The Tinker Flats, located at 1101 E. 16th Street, are currently on the market. Local development plans recommend the warehouse be converted into residential housing.
Empty and intriguing, the Tinker Flats cast a shadow on the corner of Lewis and 16th streets. They evoke curiosity from users of the just-to-the-west Monon Trail, which is paved atop what was once several lanes of railroad tracks. There are numerous rusty spikes still buried in the earth, and I kick at them with my boot, looking at the Flats. “So much for industrial grandeur,” I say to no one in particular.
Built in the 1910s, the Tinker Flats were purchased by the Tinker Development Corporation in 2003. They are located at 1101 E. 16th Street, which was formerly named 7th Street and, before that, Tinker Street, after the Tinker family. (The Tinkers were landowners in this area during the mid-1800s, and famed Hoosier artist T.C. Steele resided at their homestead for some years.) Currently, the 30,172-square foot warehouse is for sale, listed by IndySQUARED.
Though the Flats are vacant, they’ve been used for various means in the past. The 1915 Sanborn map reveals that the Flats were a paper and rag recycling company, complete with freight elevator and automatic sprinklers. The first floor yielded a wood floor, which is still present. The building was topped with a 14,000-gallon “wood gravity tank,” long gone. However, I stumbled across a 1913 Indianapolis publication titled “How to Organize and Equip a Modern Bank,” which contains a U.S. Bank Furniture Company advertisement illustrating the water tank, as well as the now-absent railroad.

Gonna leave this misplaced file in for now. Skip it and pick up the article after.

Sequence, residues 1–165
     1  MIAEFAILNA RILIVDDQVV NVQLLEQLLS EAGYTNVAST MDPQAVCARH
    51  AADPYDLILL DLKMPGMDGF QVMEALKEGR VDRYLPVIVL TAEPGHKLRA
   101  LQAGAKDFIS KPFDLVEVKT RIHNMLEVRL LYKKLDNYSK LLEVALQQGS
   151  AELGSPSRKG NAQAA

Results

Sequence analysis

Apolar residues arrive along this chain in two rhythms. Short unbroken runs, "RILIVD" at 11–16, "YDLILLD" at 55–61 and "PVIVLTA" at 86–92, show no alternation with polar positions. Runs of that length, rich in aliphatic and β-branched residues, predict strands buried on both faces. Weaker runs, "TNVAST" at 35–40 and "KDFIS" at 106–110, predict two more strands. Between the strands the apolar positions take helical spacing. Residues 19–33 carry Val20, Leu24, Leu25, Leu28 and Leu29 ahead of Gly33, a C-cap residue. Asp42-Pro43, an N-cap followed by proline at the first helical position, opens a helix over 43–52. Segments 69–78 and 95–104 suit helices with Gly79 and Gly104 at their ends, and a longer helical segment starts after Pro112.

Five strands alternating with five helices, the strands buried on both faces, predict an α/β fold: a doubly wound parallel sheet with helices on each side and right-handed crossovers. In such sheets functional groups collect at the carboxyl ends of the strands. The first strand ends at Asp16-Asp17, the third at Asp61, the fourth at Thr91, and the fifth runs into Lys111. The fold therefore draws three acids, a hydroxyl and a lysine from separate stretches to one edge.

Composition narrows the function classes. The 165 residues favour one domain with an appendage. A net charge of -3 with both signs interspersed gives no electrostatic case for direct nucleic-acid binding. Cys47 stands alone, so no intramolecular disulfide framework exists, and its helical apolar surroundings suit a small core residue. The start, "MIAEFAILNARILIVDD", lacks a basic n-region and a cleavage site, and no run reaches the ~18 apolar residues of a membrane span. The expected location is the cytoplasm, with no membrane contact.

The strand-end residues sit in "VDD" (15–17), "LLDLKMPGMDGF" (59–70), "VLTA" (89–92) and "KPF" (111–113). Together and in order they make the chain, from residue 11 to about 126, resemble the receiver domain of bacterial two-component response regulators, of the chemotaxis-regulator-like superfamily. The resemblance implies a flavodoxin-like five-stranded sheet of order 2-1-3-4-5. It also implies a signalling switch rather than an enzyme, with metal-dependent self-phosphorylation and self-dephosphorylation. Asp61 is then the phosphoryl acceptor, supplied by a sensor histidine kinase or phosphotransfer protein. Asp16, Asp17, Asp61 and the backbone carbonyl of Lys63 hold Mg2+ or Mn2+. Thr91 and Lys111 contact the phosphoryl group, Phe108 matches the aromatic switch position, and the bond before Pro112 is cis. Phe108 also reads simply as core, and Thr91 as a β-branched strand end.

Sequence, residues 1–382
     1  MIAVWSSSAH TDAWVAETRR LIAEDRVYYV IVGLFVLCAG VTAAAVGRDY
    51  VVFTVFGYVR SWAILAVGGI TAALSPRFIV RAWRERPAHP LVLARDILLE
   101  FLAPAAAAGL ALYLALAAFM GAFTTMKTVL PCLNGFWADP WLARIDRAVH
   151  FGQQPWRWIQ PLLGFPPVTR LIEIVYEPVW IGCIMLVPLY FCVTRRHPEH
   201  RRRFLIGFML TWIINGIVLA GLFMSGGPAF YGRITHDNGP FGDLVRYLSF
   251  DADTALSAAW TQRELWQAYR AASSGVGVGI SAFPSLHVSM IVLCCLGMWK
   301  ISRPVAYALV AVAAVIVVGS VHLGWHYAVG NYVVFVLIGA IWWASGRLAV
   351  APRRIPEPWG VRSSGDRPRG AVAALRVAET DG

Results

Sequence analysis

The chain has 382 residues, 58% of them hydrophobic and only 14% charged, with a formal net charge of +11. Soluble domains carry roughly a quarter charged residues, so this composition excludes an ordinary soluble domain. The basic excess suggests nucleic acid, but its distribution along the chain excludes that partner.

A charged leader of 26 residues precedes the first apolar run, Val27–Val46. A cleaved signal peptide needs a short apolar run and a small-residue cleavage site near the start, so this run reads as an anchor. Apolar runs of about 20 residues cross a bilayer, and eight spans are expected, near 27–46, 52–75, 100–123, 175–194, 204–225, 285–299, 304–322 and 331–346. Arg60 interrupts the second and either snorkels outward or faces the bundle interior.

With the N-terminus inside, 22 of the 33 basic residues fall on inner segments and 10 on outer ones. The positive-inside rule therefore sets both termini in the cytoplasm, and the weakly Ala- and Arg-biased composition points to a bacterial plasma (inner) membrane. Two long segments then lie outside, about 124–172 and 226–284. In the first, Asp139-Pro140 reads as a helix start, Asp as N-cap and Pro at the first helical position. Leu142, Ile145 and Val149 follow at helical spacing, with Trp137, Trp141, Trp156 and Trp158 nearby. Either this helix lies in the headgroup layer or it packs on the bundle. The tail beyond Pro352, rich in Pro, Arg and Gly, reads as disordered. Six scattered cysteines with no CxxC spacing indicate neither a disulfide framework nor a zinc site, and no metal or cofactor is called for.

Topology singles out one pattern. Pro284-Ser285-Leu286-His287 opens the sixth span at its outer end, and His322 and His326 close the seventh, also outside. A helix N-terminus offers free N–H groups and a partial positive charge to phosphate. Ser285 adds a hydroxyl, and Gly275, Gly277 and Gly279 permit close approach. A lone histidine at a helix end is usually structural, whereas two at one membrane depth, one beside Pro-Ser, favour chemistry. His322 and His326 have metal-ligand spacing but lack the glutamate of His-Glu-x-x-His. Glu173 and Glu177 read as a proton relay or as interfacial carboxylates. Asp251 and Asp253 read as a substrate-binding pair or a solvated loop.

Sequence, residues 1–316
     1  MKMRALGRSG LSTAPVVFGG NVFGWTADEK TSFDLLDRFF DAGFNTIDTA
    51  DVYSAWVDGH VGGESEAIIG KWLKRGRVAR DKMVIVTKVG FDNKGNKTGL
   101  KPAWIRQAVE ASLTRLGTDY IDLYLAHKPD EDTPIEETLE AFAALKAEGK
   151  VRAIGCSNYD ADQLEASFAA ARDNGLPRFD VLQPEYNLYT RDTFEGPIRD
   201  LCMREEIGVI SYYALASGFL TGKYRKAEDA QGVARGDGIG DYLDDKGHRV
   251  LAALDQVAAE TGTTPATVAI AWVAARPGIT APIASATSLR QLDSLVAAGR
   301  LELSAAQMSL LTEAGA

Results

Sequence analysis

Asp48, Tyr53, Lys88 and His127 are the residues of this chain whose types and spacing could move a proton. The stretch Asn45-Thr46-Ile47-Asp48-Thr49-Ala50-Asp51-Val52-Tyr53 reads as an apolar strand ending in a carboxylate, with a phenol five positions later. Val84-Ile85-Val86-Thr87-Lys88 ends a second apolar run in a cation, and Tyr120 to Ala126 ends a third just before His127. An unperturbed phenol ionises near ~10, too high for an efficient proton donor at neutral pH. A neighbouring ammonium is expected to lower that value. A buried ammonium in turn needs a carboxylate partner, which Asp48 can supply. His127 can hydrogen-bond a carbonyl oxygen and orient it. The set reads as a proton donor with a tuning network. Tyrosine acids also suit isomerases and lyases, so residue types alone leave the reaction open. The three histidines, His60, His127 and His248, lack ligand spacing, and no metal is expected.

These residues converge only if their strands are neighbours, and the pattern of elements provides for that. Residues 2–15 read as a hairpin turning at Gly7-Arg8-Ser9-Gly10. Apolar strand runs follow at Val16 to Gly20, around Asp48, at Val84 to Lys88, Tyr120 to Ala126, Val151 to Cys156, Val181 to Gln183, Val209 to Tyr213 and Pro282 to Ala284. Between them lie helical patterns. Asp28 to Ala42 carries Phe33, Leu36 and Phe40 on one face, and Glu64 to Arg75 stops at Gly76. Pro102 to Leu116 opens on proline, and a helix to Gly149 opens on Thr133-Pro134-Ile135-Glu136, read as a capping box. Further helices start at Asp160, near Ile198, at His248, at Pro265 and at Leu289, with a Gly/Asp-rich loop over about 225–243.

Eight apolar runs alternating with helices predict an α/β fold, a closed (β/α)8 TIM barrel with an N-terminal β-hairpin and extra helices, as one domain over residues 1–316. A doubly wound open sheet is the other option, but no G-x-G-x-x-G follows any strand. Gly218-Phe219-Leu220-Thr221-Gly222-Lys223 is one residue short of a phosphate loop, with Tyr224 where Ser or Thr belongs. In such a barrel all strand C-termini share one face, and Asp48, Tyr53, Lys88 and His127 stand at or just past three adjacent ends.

U.S. Bank Furniture Company was later renamed the Wiegel Cabinet Corporation. Interestingly, in the 1935 city directory, Wiegel Cabinet is listed at 1101 E. 16th Street. It appears the Tinker Flats were home to a furniture company and said company’s reincarnation in two different decades.
Later, the Tinker Flats hosted other recycling companies, which most likely encouraged the painted letters on the north side of the building. Sadly and unsurprisingly, the paint has faded and chipped. The tall, blue letters are just visible, and I myself stood a few feet from the wall, squinting at the letters for several moments before shouting a jubilant, “SCRAP YARD!”
As I scoured the outside of the building for architectural features, I noticed that the third-floor east windows were no longer protected by iron bars, as indicated on the Sanborn. I also attempted to judge, from behind the walls of the old scrap yard, how far back the south building, built in 1950, stretched. And I stared. Stared not at bold, painted advertisements, but at graffiti. The maiming of beautiful brickwork.
In more recent times, the Flats have been used as the backdrop for photo shoots, music videos, and a documentary. Its original architecture and “open concept” encourage both creativity and rehabilitation. Indeed, the Tinker Flats would make for excellent lofts for artists.
The 2011 16th Street Strategic Development Plan lists the Tinker Flats’ priority as “high,” and suggests converting the warehouse into a multi-family residence, given its proximity to the Monon Trail and the Frank and Judy O’Bannon Soccer Park. But whether the Flats are made into lofts, family dwellings–or even a commercial-residential blend–I’d be pleased. That way, when I’m browsing for artifacts along the old rail line, I wouldn’t be glancing dejectedly at the Flats. Instead, I”d see gleaming windows. The red glow of bricks. The entering and exiting of people on their way to the Trail, the Park, their next creative adventure. Now that’s grandeur.